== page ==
Torah Riddles #214

Question: Why when you forget to say Birkas haTorah ahava rabba can count as saying Birkas haTorah only if you learn immediately after davening but let say you slept the whole entire day and didn’t say Birkas haTorah but davened mincha/maariv early with a minyan before it was dark, then the Shema counts as learning after Ahavas olam? 


A. The Mishna Berura 47:7:13 says the blessing of ‘Ahavas Olam’ takes care of birkas haTorah if you learn immediately after davening without any interruptions. This applies in the morning (for Ashkenazim we say ‘ahava rabba’) or in the evening, for example if someone took a few hour nap in tbe day according to the opinion you have to birkas HaTorah and even those that are lenient it does not hurt to have in mind birkas haTorah when saying ‘ahavas olam’ during maariv.

B. The Mishna Berura (17) says that the reason why you have to learn right after davening is because it’s not apparent you are saying ahava rabba for the mitzva of learning Torah since it’s being said during another mitzvah, of davening. Rav Elyashiv adds that even though Shema can be considered Torah learning but because it’s being said for another mitzvah of krias Shema, which is a mitzva to be recited in the morning and at night once it is dark and the stars are out, and the bracha at the end of ahava rabba does not talk about learning Torah rather the love of Hashem for the Jews then without learning right after davening it’s not apparent it was said for Birkas haTorah.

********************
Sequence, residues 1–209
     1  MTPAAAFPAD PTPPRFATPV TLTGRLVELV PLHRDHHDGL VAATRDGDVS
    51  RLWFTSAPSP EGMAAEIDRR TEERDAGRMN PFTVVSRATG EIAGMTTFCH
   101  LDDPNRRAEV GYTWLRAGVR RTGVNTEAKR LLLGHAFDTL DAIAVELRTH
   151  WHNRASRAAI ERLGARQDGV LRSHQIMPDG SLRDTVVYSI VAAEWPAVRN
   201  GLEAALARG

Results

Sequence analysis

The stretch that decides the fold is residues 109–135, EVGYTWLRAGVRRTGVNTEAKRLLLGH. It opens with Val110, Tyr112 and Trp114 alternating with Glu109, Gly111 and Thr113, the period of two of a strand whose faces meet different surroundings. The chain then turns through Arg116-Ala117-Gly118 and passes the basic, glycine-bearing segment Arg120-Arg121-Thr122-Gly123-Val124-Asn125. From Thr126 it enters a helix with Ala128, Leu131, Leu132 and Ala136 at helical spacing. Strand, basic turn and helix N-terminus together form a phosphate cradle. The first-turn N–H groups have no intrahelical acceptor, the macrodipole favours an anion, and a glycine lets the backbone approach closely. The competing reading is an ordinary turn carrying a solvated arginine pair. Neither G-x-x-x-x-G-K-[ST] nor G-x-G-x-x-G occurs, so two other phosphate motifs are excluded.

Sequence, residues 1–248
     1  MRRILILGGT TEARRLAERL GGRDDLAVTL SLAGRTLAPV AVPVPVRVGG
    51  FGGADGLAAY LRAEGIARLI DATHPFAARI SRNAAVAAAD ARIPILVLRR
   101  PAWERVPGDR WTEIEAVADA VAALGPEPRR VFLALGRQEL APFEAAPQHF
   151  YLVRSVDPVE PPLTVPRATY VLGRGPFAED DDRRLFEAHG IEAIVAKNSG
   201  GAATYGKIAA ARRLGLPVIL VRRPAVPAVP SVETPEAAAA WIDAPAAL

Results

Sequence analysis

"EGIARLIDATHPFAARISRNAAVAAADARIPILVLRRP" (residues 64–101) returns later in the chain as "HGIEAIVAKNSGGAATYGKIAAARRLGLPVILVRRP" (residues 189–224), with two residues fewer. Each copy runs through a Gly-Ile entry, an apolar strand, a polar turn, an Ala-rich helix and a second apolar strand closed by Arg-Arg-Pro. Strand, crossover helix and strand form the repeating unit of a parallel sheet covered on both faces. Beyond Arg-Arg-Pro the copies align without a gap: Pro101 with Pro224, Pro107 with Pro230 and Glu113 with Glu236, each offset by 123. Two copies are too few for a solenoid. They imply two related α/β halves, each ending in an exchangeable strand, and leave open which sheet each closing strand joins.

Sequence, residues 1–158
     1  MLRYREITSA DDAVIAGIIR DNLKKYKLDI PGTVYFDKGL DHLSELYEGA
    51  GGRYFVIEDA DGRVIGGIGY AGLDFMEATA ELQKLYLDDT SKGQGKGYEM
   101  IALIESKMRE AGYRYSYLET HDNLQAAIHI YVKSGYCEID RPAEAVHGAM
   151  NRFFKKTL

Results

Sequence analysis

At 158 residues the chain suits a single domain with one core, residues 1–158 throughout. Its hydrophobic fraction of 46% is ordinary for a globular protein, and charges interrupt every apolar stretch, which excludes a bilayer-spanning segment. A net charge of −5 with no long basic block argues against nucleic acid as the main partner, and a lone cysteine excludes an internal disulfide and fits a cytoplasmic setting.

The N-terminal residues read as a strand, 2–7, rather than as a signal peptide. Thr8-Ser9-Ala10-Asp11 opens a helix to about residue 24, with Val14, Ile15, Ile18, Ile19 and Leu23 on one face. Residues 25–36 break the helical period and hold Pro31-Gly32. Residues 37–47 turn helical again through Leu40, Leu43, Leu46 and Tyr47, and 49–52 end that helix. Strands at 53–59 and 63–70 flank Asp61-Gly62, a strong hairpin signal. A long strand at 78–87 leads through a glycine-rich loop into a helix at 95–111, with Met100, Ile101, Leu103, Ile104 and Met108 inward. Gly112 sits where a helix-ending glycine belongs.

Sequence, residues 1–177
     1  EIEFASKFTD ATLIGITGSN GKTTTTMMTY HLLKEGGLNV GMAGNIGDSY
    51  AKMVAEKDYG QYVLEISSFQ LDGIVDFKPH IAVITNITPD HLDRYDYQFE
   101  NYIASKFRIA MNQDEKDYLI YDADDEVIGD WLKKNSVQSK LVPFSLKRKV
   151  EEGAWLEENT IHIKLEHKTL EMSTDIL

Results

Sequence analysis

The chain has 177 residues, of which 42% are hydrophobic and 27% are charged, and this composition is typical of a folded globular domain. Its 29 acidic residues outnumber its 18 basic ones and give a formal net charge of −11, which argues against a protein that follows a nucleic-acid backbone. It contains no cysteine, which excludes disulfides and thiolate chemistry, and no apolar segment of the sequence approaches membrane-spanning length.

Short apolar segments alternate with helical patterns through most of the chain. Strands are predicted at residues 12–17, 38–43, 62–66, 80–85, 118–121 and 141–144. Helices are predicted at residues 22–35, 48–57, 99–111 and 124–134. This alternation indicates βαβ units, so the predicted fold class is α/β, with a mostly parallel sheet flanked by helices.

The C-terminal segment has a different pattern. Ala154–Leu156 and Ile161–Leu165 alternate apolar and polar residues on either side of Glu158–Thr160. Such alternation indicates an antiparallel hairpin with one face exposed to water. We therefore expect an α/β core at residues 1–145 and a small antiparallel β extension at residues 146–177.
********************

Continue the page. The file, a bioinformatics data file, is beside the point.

Answer: The Dirshu (note 22) quotes a Teshuvas Hisorirus that because you recited Shema of maariv too early and it would have to be repeated once it got dark then it is apparent that the paragraph of Ahavas olam was said for Birkas haTorah and the Shema was used for learning.